In the second blog of this series, we address how to start planning a marketing strategy.
If you’re not sure why you need to create a marketing strategy, take a look at the first post in this series here.
Look at your business objectives and create goals that will help you to achieve these. There may be a clear focus on making more / higher value sales, which requires product and service communications or, you may be looking to build equity in your brand, which requires a different approach.
It is helpful to consider any time bound activity, such as product launches or landmark events and also set milestones, which will help you to chart progress, e.g. achieve media coverage in specific publications or grow your marketing database 20% YoY.
Understand your audience
Effective marketing depends on engaging the right people. The people who buy from you, work with you and recommend you. It is likely that you will need to tailor your communications to different audiences, whether it is investors, customers or staff. To prioritise activity, first you need to analyse where each audience fits into your business plan. Reaching more customers may push you towards your sales targets, whereas engaging with skilled individuals in the industry could grow your talent pool and support future growth.
Once you know the types of people you are targeting, profile them. Capture data such as age, location and industry as well as when and where they will engage with your brand, their interests and what they care about from a product and a brand values perspective. This helps you to deliver content that appeals and incites action.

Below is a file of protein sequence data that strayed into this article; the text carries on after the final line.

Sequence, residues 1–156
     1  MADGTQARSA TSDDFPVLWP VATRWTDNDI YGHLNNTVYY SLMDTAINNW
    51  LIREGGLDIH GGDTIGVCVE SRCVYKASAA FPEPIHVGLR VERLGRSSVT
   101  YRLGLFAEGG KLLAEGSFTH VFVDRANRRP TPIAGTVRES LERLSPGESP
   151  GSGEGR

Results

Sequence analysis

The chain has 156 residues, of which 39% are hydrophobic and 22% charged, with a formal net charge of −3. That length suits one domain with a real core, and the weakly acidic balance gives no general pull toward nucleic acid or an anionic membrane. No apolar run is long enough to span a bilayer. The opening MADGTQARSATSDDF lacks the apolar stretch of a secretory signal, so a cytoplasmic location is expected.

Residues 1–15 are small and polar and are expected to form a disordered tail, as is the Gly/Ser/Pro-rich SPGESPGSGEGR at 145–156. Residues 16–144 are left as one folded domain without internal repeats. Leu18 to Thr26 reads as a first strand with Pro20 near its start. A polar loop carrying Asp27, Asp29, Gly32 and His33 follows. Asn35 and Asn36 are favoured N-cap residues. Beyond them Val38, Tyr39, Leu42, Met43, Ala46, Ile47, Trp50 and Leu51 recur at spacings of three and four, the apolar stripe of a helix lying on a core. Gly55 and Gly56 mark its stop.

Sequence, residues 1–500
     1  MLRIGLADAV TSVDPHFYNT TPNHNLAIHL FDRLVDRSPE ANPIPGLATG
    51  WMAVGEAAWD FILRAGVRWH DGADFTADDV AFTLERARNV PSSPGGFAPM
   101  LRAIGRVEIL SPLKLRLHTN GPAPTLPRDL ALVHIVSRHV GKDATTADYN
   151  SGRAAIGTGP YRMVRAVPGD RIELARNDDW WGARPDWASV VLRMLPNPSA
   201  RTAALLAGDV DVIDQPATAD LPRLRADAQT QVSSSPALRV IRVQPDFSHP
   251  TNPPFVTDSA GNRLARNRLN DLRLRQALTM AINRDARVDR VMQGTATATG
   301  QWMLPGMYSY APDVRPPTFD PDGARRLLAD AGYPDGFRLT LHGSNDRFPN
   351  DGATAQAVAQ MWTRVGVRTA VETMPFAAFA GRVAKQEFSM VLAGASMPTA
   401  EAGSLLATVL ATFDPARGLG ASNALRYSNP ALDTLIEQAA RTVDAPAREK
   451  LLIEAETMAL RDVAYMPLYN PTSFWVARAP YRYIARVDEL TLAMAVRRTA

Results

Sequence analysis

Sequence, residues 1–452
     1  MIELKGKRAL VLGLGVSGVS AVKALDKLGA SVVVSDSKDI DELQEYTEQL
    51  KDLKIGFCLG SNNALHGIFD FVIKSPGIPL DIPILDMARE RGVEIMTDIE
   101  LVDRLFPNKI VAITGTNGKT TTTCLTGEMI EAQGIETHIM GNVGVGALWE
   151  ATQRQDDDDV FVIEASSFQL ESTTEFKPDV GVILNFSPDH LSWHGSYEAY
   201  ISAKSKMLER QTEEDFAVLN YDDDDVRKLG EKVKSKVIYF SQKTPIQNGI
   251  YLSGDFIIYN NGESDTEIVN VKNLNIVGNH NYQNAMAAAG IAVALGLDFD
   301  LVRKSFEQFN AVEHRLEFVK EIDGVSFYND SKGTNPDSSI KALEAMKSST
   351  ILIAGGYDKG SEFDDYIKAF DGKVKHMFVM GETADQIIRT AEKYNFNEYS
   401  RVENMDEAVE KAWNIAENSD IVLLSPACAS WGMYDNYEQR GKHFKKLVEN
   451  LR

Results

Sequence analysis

Map out your audience touchpoints
Take stock of the different communications platforms your brand is present on. Whether this is owned, earned or paid for activity, each will target a specific audience and have a slightly different approach. A Tweet requires a different structure to an email newsletter or a company white paper, but all have the power to build brand perceptions.
Learn from past activities
Review, previous marketing activity, to understand what resonates with your audience.
Pay attention to:
- Content that achieved lots of engagement
- Low-performing content
- Timings and method of publication
- Topics and keywords
Understanding what has worked previously, helping you to repeat successful activity and serve content that appeals. It also helps to track what your competitors are doing to see and incorporate.
Schedule a messaging meeting
Involve key stakeholders early on to secure internal buy in. We always hold a meeting to share initial findings and make strategic recommendations before creating a final strategy. Fairly often, information or sales initiatives come to light, which will steer messaging as well as recommendations on how to roll out communications.
In our next post, we’ll discuss running effective messaging discussions and using this to inform the final strategy.
To discuss marketing and communications strategies, contact Caroline Walker or call 01732 779 087.